The trouble is that some parents just don't absorb information by osmosis.
Everything has to be spelled out loud and clear: there's lice in your child's class, please check their heads.
My friend's daughter keeps getting reinfected as, unfortunately, she's a close friend of the number one culprit and her parents can't or won't deal with the problem. Every night, this poor child has to have her hair forensically investigated by the nit comb, a time-consuming activity.
This particular school does not send out alert letters in line with the advice from the Scottish Executive. It would seem that some authorities do issue leaflets, but there seems to be an awful lot of pussyfooting around the problem.
Yes, yes, the Scottish Executive is right to say that dealing with lice is a parental responsibility, but shouldn't we be supporting parents in the fight against Mr Louse? Why should lice be exempt from the fishbowl existence which a plethora of other issues tumble into? Children should eat healthy food. Parental responsibility? Undoubtedly, but fresh fruit is often supplied in nursery schools and kids are taught to brush their teeth, both measures to support a better quality of life.
I'm perplexed when I read that we mustn't call a plague of head lice an infestation. We must politely deem it an infection. Really? If you've got the blighters, they are a bloody infestation and, if your folks don't treat the problem, you'll spread it all round your classmates and they'll curse you on a nightly basis as they have to tolerate the tugging and the pulling of the dreaded comb.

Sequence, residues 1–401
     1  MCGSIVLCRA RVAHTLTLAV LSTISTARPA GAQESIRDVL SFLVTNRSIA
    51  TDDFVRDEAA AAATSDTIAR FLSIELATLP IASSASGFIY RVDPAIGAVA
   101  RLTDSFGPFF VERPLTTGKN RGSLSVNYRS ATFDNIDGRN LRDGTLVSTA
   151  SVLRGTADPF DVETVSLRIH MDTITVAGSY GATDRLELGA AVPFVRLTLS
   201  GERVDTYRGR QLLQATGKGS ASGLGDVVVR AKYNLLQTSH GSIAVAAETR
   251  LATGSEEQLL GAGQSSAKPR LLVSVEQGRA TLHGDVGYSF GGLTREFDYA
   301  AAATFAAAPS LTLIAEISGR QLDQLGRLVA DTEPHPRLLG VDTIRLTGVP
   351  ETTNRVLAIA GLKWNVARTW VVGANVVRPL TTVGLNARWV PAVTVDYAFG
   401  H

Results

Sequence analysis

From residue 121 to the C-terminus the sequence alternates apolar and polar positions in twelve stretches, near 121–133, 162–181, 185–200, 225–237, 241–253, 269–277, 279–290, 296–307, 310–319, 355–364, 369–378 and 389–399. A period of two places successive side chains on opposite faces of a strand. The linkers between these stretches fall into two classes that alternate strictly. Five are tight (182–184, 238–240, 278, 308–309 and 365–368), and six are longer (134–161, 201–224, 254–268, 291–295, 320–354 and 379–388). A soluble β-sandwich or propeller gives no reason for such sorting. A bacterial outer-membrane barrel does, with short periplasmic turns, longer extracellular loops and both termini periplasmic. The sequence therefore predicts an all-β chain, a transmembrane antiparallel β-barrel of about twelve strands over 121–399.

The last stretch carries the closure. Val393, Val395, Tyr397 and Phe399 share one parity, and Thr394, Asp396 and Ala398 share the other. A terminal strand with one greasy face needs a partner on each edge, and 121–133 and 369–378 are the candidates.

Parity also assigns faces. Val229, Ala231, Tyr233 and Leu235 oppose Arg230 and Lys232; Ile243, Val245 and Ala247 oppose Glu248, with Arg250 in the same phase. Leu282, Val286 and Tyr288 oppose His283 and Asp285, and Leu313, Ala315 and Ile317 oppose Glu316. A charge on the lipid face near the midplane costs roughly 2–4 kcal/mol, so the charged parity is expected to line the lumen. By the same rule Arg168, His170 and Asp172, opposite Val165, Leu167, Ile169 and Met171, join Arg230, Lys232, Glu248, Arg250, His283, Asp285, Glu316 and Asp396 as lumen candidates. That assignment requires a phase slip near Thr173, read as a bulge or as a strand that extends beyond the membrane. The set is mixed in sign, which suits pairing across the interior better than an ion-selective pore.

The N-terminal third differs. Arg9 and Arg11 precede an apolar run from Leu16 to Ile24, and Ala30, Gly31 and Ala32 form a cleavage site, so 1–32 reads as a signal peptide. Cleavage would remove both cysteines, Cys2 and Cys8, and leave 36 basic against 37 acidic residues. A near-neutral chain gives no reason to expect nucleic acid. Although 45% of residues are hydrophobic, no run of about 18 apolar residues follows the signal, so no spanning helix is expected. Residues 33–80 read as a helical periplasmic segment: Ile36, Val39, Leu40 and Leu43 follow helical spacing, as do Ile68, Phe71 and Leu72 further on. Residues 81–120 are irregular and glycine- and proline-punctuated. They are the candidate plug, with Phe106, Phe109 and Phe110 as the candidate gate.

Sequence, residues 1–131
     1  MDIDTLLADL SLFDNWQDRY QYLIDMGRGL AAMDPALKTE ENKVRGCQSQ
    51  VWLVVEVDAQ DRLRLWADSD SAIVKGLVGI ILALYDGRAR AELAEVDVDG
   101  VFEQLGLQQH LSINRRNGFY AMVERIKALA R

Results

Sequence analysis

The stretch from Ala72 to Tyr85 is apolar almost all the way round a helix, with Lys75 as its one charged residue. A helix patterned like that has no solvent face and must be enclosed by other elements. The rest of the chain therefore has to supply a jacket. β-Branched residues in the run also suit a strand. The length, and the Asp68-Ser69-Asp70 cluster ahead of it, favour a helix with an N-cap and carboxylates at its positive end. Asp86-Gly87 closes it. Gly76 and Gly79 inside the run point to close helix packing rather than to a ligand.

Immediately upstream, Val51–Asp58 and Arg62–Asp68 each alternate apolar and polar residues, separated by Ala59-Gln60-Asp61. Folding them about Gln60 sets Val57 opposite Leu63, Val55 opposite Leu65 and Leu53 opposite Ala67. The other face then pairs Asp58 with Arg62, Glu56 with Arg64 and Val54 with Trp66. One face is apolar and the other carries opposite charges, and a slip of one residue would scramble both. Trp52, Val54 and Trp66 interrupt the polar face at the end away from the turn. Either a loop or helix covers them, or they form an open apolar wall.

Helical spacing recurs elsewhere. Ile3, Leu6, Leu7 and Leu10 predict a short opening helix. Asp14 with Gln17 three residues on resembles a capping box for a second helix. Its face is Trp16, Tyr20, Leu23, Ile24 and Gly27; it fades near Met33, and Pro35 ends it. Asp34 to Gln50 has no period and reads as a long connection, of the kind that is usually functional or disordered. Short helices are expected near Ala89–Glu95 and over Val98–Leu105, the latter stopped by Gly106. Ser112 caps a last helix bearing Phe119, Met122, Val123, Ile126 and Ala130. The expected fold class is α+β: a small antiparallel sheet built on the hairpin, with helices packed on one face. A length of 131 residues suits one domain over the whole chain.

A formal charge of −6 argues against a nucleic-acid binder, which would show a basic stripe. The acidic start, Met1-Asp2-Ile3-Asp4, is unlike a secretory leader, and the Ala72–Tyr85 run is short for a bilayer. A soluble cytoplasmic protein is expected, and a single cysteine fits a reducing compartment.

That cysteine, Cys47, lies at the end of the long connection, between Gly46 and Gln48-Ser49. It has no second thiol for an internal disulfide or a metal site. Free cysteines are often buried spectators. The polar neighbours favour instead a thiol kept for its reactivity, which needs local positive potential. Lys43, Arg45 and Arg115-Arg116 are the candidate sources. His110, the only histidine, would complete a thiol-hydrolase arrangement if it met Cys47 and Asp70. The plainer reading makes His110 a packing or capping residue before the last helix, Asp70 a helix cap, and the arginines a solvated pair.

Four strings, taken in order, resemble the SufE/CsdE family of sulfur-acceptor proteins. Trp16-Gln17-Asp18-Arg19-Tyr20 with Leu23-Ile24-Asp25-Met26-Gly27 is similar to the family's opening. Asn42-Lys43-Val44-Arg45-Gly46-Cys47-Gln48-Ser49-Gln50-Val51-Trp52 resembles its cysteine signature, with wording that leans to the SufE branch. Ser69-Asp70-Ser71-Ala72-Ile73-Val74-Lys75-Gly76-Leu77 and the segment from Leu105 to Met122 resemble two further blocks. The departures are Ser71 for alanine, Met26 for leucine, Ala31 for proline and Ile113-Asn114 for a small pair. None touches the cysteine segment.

Lice may seem trivia in the tableaux of educational complexities, but there's no heart-warming angle here. Rather it boils down to the crazy idea that we must never cause the remotest twinge of discomfort to anyone, even if it means the epidemic of lice spirals out of control. No one wants to spoil anyone else's dinner, but sometimes you just have to bite the bullet.
Fast-forward to university, where political incorrectness would still appear to be pulsating away. I was somewhat bemused, maybe even shocked, to see comments by a lecturer on the essay of a former pupil.
Right to the solar plexus, it read on these lines: "Totally hopeless. Why have you come to university? You don't expect to get a degree, do you?" So cutting, and yet there was something about the dastardly deed I secretly admired.
Can you imagine a schoolteacher writing such a caustic comment on a jotter? We'd be crucified. I recall with wry amusement an incident when a colleague was chewed up by a parent for describing the offspring's sentence construction as clumsy. Oh please!
Recently, I happened to be a reluctant witness to a barbed tirade delivered to an apprentice by his boss. The young guy certainly looked suitably chastised. When I watch Gordon Ramsay on TV berating the inadequate efforts of the learner chefs by swearing and hurling the offending articles into the dustbin, I have a manic moment (I must have been something evil in a previous life) when I imagine reacting thus to some of the poor offerings which land on my desk. Naturally, I don't let my control slip so the educational psychologists don't need to offer me counselling.
But am I alone in thinking it's all gone pear-shaped? Schools, like the rest of society, are compelled to put a spin on the truth. Lice are victims of political correctness. If we don't send lice-alert letters, we can pretend the beasties don't exist. Meanwhile, why are you scratching your head?
Marj Adams teaches religious studies, philosophy and psychology at Forres Academy.